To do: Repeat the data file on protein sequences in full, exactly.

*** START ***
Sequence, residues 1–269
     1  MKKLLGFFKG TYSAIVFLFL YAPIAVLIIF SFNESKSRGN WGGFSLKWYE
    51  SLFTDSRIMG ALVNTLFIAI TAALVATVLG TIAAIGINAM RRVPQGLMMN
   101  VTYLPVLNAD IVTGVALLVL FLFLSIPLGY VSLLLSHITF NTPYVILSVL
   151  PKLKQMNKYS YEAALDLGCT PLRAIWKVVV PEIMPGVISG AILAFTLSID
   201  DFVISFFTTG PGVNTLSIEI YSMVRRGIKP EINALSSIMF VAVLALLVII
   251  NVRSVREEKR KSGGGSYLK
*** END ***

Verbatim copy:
Sequence, residues 1–269
     1  MKKLLGFFKG TYSAIVFLFL YAPIAVLIIF SFNESKSRGN WGGFSLKWYE
    51  SLFTDSRIMG ALVNTLFIAI TAALVATVLG TIAAIGINAM RRVPQGLMMN
   101  VTYLPVLNAD IVTGVALLVL FLFLSIPLGY VSLLLSHITF NTPYVILSVL
   151  PKLKQMNKYS YEAALDLGCT PLRAIWKVVV PEIMPGVISG AILAFTLSID
   201  DFVISFFTTG PGVNTLSIEI YSMVRRGIKP EINALSSIMF VAVLALLVII
   251  NVRSVREEKR KSGGGSYLK